- Historic Sites
The Bombing of Monte Cassino
The Allied drive toward Rome had stalled. Was the destruction of a historic monastery justified in an effort to break the German line and get the campaign moving again?
August 1968 | Volume 19, Issue 5
Halfway between Naples and Rome, on a moiintaintop and visible for miles, stands the Benedictine abbey of Monte Cassino, serene and benign, apparently indestructible. Of cream-colored stone, its longest side extending 200 yards, four stories tall, with a thick, battlemented base and rows of cell windows, the abbey resembles a fortress. Not particularly beautiful, it is impressive because of its massive size and commanding location. Crowning Monte Cassino, which rises abruptly 1,700 feet above the plain, the abbey overlooks the town of Cassino and the Rapido River, at its foot; to the northwest it superbly dominates the Liri Valley, stretching off toward Rome. It is built around five cloistered courtyards and includes a large church, a seminary, an observatory, a school for 250 boys, a vast library of priceless archives, and various workshops and outbuildings. Since 1866, when Italy dissolved the monasteries, the abbey has been a national monument, the monks remaining as custodians of the structure and its treasures.
The abbey was founded by Saint Benedict himself around 529 A.D. It was ravaged by Lombards in the sixth century, pillaged by Saracens in the ninth, knocked clown by an earthquake in the fourteenth, sacked by French troops in the eighteenth, and reduced to rubble by bombs and shells in the twentieth.
To many, the last act of destruction seemed as senseless and wanton as the others. Yet the men who levelled the sanctified walls believed they had compelling reasons. In order to save soldiers’ lives, they felt they had to sacrifice an edifice representing one of the great traditions of a civilixation they sought to preserve.
The setting was World War II, the stage the Italian campaign, and the destruction an apparent departure from a consistent policy scrupulously observed.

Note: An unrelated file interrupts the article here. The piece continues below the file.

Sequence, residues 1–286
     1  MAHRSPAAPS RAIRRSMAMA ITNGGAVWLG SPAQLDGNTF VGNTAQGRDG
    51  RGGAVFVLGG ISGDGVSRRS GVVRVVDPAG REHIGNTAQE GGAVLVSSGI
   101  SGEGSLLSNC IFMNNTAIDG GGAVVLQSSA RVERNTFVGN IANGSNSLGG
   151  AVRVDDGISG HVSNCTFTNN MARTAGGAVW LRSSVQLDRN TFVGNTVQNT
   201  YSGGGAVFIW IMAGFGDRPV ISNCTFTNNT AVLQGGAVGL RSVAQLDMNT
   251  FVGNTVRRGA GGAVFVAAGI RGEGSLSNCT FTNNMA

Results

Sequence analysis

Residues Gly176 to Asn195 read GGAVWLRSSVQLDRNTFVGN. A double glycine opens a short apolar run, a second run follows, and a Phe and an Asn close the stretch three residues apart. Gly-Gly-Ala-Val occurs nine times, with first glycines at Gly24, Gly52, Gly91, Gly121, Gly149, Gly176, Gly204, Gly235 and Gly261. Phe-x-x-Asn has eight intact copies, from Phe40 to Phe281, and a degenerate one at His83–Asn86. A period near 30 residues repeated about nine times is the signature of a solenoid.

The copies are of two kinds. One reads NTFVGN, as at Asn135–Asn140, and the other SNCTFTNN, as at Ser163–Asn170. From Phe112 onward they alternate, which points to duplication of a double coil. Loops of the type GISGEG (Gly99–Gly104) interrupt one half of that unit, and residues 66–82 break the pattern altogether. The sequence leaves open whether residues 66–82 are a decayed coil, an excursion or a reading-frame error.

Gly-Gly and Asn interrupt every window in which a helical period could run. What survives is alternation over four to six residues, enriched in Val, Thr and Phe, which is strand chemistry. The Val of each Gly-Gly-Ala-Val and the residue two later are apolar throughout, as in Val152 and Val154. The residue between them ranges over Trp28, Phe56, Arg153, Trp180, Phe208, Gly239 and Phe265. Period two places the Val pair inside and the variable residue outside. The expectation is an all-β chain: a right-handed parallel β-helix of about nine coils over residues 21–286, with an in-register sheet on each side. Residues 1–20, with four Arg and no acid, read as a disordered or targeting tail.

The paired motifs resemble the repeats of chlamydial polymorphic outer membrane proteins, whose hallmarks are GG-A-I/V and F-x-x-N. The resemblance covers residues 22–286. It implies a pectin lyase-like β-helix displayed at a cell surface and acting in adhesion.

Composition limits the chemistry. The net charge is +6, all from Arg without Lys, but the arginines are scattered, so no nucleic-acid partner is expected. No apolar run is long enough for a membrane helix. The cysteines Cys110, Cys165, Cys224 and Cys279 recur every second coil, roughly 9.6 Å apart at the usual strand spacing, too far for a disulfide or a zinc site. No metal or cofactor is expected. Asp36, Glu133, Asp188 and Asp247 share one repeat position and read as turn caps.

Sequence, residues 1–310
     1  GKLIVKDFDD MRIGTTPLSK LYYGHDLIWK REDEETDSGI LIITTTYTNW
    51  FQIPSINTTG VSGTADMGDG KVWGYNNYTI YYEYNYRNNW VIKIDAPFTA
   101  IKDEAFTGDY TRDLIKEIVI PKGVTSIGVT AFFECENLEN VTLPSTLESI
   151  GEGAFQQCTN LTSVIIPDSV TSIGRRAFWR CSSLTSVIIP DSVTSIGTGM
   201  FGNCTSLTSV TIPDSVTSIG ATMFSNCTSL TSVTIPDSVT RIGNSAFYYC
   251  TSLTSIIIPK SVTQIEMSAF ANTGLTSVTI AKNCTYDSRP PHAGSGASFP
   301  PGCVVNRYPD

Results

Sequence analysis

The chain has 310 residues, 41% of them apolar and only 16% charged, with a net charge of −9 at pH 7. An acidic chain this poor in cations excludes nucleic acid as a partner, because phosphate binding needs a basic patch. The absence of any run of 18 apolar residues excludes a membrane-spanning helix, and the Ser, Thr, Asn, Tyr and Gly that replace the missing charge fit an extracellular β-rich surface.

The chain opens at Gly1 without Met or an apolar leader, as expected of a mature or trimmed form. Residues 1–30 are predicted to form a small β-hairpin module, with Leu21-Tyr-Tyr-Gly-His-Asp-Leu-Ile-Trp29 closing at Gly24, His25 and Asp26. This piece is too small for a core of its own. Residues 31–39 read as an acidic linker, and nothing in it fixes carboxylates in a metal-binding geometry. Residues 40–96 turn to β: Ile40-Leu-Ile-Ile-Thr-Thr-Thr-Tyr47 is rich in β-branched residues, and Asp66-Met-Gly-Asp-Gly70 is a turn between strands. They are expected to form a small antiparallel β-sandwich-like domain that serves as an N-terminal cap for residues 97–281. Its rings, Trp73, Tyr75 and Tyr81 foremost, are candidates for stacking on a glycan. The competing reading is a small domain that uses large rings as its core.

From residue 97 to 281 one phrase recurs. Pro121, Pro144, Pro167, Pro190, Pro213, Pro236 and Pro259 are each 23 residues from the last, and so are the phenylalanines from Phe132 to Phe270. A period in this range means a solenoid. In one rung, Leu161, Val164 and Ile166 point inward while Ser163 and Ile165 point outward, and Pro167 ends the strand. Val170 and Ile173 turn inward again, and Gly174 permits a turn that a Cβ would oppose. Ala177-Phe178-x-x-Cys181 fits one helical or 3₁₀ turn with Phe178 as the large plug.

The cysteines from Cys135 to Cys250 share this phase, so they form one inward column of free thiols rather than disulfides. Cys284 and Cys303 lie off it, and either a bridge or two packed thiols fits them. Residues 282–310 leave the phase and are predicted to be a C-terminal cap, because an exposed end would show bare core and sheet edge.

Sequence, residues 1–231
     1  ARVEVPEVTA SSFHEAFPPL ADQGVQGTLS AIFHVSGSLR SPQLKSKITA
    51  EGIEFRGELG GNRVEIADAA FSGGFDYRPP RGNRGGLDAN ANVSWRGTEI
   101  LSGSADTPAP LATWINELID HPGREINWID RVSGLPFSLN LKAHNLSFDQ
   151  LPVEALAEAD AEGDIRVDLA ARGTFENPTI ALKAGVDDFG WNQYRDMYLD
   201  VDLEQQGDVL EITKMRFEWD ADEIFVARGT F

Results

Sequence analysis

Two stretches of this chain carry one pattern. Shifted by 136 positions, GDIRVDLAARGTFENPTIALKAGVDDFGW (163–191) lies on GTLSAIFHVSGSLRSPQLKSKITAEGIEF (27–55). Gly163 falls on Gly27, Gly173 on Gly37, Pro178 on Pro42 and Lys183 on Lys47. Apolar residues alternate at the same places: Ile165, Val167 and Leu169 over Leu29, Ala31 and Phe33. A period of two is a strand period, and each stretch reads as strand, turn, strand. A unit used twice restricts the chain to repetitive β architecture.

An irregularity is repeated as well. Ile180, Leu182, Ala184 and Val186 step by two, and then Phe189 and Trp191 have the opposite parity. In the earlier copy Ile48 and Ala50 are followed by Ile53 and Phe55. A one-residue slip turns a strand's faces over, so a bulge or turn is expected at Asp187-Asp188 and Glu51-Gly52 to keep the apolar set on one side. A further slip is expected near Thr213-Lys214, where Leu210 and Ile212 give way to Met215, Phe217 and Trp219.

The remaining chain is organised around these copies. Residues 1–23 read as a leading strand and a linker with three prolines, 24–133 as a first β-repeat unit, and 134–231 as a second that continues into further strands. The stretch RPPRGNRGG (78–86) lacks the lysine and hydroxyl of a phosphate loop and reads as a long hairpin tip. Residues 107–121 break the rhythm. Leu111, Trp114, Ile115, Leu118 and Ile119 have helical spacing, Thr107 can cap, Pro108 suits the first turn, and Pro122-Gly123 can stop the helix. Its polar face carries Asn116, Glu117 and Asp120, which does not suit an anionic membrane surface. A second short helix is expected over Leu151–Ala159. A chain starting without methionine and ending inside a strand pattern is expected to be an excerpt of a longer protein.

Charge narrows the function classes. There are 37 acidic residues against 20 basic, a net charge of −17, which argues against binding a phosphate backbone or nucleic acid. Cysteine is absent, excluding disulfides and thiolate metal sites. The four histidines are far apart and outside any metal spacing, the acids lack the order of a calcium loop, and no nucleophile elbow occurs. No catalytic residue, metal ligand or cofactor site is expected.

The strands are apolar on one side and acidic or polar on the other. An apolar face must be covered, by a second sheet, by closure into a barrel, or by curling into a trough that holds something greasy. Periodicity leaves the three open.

The Combined Chiefs of Staff, the highest AngloAmerican military command, had made that policy very clear. Religious, historical, and cultural properties, they said, were to be spared from damage, together with “local archives…classical monuments and objects of art.” But only if their preservation was “consistent with military necessity.”
Although no one ventured to define military necessity precisely, the commanders in the ReId had made every effort to respect the injunction in the campaigns of North Africa, Sicily, and southern Italy. General Dwight D. Eisenhowcr, the Supreme Allied Commander in the Mediterranean theatre, assured his superiors that “all precautions to safeguard works of art and monuments are being taken. Naval, ground, and air commanders have been so instructed and understand fully [the] importance of preventing unnecessary or avoidable damage.” General Mark Clark, who commanded the Fifth Army in Italy, directed his subordinates “to protect these properties, and intentional attacks will therefore be carefully avoided. … If, however, military necessity should so dictate, there should be no hesitation in taking whatever action the situation warrants.”
In the fall of 1943, although the fighting front was far from Monte Cassino, Italian museum officials reminded the Allied command of the historic and artistic importance of the abbey. Word went out to air units at once: “All possible precautions to be taken to avoid bombing abbey on Monte Cassino.”
“Let me see pictures of this place,” ordered General Alfred Gruenther, dark’s chief of staff. “Will our ground troops have occasion to demolish it by artillery fire?”
The question was academic until early January, 1944, when Vatican authorities complained that the abbey had been “seriously damaged” by artillery. An immediate investigation revealed what had happened. The town of Cassino had been heavily bombed and shelled for some time and was still under Rre because it was occupied by German troops. Since there were “many gun positions and enemy installations in the vicinity of the town,” the investigating officer reported, “it is possible that…an erratic round hit the Abbey. Any damage caused by our artillery fire would be purely unintentional.…”
Despite the clear comprehension reflected in this report, General Clark repeated his instructions. Even though the abbey occupied commanding terrain that “might well serve as an excellent observation post for the enemy,” this artistic, historical, and ecclesiastical shrine was to be immune from attack. Except, of course, that this immunity “will not be allowed to interfere with military necessity.”
That was the basic issue, and this the essential question: From a military point of view, was it necessary to bomb the abbey?
Having entered southern Italy in September, 1943, Anglo-American forces took Naples and headed for Rome, moving into increasingly difficult ground and meeting stiffening resistance. By mid-autumn the Germans had been in retreat for a year—driven back from Egypt, expelled from Libya and Tunisia, forced out of Sicily, pushed out of southern Italy toward Rome. Now they intended to stop. In the steep-sided mountains around Cassino, they would stand and fight. It was not a hastily prepared position, but a series of formidable strong points known as the Gustav line.
Incorporated into their defensive positions was the hill of Monte Cassino. Inside the abbey, at its summit, were seventy resident monks, about two hundred schoolchildrcn, nuns, and orphans normally housed there, and several hundred people who had fled the battlefield and sought refuge and sanctuary.